How to Be Both

Pasatiempo - - News - by Ali Smith, Pan­theon Books, 372 pages — Iris McLis­ter

Could a re­spected Re­nais­sance court painter from 15th-cen­tury Italy have been a woman? Cer­tainly the chances are slim, but in Ali Smith’s new book, How to Be Both (a fi­nal­ist for the Man Booker Prize), the artist “Francescho” del Cossa was born a fe­male and has re­turned to Earth in spirit form in the present day to watch over a trou­bled teenage girl. The book, which is di­vided into halves and has two pro­tag­o­nists, was printed ran­domly to make ei­ther part come first or sec­ond, de­pend­ing on the copy you read. Francescho, one of the pro­tag­o­nists and a nar­ra­tor, switches us back and forth be­tween the 1400s of her lifetime and the present. The other pro­tag­o­nist is whip-smart Ge­or­gia, aka George, a pre­co­cious Bri­tish six­teen-year-old whose mother has died sud­denly from an un­ex­pected ill­ness.

De­spite its ti­tle, How to Be Both asks more ques­tions than it an­swers, ex­plor­ing the na­ture of gen­der, sex­u­al­ity, and, most of all, death. Its Scot­tish au­thor, who is openly gay, once said, “My whole ca­reer has been about what women do and how we do it and how im­por­tant it is that we lis­ten to it.” In this book, Smith’s fe­male char­ac­ters ex­hibit in­cred­i­ble moxie and strength, but most of all, they’re warm and re­lat­able and won­der­fully hu­man.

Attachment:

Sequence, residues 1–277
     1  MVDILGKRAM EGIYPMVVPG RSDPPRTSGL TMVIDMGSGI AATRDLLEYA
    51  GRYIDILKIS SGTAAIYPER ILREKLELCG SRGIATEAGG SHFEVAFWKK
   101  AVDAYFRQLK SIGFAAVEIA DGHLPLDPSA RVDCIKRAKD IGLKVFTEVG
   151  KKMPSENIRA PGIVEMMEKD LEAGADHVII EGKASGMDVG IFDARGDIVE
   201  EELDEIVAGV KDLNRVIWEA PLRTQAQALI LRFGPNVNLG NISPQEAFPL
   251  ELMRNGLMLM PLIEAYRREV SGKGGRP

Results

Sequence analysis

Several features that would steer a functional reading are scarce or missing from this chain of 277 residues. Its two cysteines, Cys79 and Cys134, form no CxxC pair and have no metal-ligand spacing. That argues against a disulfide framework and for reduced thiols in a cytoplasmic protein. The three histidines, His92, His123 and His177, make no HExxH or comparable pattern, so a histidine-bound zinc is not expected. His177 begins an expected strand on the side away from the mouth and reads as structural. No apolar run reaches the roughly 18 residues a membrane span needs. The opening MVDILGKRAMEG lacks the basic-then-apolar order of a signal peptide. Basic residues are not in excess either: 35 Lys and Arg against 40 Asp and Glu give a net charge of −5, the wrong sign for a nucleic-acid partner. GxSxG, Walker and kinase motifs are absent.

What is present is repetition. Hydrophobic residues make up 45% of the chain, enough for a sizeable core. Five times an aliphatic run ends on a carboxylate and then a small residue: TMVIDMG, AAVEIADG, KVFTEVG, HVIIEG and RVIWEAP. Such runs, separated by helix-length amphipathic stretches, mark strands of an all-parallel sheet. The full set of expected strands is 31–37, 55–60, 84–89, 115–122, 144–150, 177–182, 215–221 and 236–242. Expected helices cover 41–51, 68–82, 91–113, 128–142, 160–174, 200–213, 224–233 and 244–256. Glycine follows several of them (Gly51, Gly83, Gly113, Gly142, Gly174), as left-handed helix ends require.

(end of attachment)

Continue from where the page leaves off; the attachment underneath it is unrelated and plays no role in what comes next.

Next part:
The ver­sion of the book I read be­gins with Francescho, whose decision to dis­guise her­self as a man has its start when she’s a very young child and dis­cov­ers that her love for cre­at­ing art will not eas­ily trans­late into a ca­reer in the male­dom­i­nated Ital­ian art world. Francescho de­scribes shoot­ing up through the earth’s crust, past mag­gots and roots, to be de­posited into an unas­sum­ing an­te­room in London’s Na­tional Gallery. Our im­me­di­ately lik­able nar­ra­tor rec­og­nizes a paint­ing she did, of St. Vincent Fer­rer, and is de­lighted to see it be­ing stud­ied by a teenage boy. But just as soon as we sort of get our bear­ings, we’re launched back in time, to a dirt yard in Ferrara, Italy, where the young Francescho is ab­sorbed in her draw­ing. Be­fore we know it, we’re back in 2014, in the bed­room of the boy from the mu­seum — only he isn’t a boy at all, but a girl whose room is hung with photographs of her dead mother.